Tuesday, September 27, 2011

Black Bean Burritos

(serves two adults and two children)

The first few times I made this recipe, the burritos came out pretty misshapen. Eventually, I got the hang of rolling,them—but not like they do at my favorite taqueria on Mission in San Francisco.

4 large (ten-inch) flour tortillas
1 can chipotles in adobo sauce
2 Tbs olive oil
1 tsp ground cumin
2 15.5-oz cans black beans
1 pint grape (or cherry) tomatoes
1 lime
1 bunch cilantro
kosher salt
sharp cheddar cheese
baby spinach
sour cream

1. Preheat the oven to 250 degrees Fahrenheit. Wrap the tortillas in aluminum foil and warm in the oven.

2. Puree the chipotles in adobo sauce. Reserving about 1 tablespoon, freeze the remainder for future use.

3. In a large skillet, heat the olive oil over a medium flame. Add the cumin and the reserved chipotle puree. Saute briefly. Add the beans and bring to a simmer. then reduce the heat to low.

4. Halve the grape tomatoes and place them in a small bowl. (If using cherry tomatoes, quarter them.) Squeeze one-half of the lime over the tomatoes. Pick the leaves from the cilantro stems and coarsely chop them. Add half of the cilantro to the tomatoes along with a pinch of salt. Toss to combine.

5. Grate about 1 cup of the cheese. Squeeze the remaining lime half over the beans. Add the grated cheese and remaining cilantro. Stir until all of the cheese melts.

6. Remove the tortillas from the oven. Working with one at a time, spoon some beans onto the bottom third of the tortillas, leaving a margin at the bottom. Top the beans with some tomatoes, baby spinach, and a few dabs of sour cream. Fold the bottom edge of the tortilla over the filling. Fold over both side edges. Finally, roll up the burrito.

• Chipotles, which are smoked jalapeƱo peppers, go well with almost any Latin bean dish. Because a full can nearly always contains much more than I need, and because I probably won't be needing more for a little while, I puree and freeze the extra. That way, I can easily chip off a tablespoon or so as I need it.

Wednesday, September 7, 2011

Pasta with Fresh Clams

(serves two adults and two children)

The quality of this dish depends entirely on the quality of the clams. That’s why I usually make it only when I’m on Cape Cod, where my family vacations in August. If there isn’t a good fish store near you, and all you can get are mangy supermarket clams, you’ve got two choices: Either mail-order the real deal from my friends, Pat and Barbara Woodbury, at woodburyclams.com; or use canned clams to make the lesser but still tasty Spaghetti with Clam Sauce recipe posted elsewhere on this blog. Ordering from Pat and Barbara is a treat, of course, but well worth the cost for a special occasion.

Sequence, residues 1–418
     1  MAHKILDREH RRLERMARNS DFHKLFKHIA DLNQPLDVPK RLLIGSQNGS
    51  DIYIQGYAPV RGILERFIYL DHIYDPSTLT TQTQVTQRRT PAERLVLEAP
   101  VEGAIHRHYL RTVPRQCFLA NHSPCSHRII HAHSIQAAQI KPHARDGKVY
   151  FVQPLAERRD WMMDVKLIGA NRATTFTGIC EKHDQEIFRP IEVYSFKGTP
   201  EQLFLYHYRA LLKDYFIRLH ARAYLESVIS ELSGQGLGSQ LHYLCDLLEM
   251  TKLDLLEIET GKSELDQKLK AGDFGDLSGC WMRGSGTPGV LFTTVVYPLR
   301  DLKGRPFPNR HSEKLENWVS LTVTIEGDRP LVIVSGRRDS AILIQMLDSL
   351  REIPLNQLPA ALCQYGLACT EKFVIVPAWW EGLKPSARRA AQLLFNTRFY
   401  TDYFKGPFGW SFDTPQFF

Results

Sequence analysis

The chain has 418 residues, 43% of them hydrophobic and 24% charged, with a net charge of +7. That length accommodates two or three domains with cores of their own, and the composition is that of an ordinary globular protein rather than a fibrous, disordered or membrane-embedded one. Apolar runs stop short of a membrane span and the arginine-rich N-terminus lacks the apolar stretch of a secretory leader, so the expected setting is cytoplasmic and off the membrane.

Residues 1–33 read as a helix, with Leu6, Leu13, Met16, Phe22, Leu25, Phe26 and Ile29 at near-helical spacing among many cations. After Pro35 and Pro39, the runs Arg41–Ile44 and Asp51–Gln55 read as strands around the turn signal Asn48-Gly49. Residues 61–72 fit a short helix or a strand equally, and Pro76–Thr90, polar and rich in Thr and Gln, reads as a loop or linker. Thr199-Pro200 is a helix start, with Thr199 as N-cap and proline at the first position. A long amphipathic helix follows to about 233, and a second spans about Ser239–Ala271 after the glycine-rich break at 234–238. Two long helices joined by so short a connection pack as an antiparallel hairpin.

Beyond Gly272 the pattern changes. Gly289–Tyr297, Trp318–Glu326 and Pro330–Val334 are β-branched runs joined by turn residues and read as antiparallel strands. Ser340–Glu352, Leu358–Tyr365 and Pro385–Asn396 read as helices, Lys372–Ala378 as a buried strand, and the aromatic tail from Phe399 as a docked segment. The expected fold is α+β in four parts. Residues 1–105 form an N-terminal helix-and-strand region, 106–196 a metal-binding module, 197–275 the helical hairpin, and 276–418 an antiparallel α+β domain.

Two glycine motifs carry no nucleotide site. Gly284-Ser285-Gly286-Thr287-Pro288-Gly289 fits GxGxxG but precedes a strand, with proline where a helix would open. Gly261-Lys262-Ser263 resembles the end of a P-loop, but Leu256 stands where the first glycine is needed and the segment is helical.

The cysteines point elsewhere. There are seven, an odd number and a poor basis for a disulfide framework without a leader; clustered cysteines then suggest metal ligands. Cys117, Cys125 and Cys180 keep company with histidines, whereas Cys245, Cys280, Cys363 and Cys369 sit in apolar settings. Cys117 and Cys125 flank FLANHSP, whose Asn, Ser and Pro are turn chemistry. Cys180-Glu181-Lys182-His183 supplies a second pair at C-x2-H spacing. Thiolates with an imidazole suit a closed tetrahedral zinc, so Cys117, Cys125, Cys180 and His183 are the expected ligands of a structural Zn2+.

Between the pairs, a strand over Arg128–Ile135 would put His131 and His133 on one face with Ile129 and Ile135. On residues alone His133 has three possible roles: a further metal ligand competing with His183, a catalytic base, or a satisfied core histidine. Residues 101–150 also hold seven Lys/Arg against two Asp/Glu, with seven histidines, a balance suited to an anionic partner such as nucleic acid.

36 littleneck clams (see note below)
2 oz pancetta (or bacon)
6 cloves garlic
1 bunch parsley
1 lb dried pasta (spaghetti or linguine)
¼ c olive oil
1½ c dry white wine
3 Tbs unsalted butter
red pepper flakes, to taste
freshly ground black pepper, to taste

1. Wash and dry the clams. Dice the pancetta. Coarsely chop the garlic and parsley.

2. Cook the pasta in boiling salted water until just barely done. Drain and set aside.

3. Meanwhile, in a Dutch oven (or a large skillet fitted with a lid), heat the olive oil over a medium-low flame. After a few minutes, add the clams and raise the flame to medium-high. Cover and cook until the first clams open, which means they are done. Transfer the opened clams to a bowl tented with aluminum foil Add the white wine and butter. Continue cooking the remaining clams, covered, until they open, removing them from the pan as they do.

4. When all the clams have been removed, add the garlic, parsley, red pepper flakes, and black pepper. Simmer the sauce for a minute or two, then add the drained pasta. Toss the pasta to coat and continue cooking for another 2–3 minute so that the pasta can absorb the sauce.

5. Serve the pasta topped with the reserved clams and freshly grated parmesan cheese.

The most commonly available hardshell clams are littlenecks, cherrystones, and quahogs. They’re all the same species; the only difference is size. Of these, littlenecks are the smallest and most tender. These are the ones that you want, though cherrystones will do in a pinch (use half as many). Under no circumstances should you use quahogs, which are chowder clams.

• Monitor the clams closely because they become very chewy when overcooked. I lift the lid every minute or two to check for newly opened clams.

• I use a full teaspoon of red pepper flakes because I like my clam sauce to have some kick to it.

• Don’t skimp on the wine or the parmesan because poor grades will ruin the delicate flavor of the clams. I never cook with a wine that I wouldn’t drink with dinner, and I always use imported Parmigiano-Reggiano. Even if you have to pay $16 a pound for the cheese, the couple of ounces you need will only set you back $2.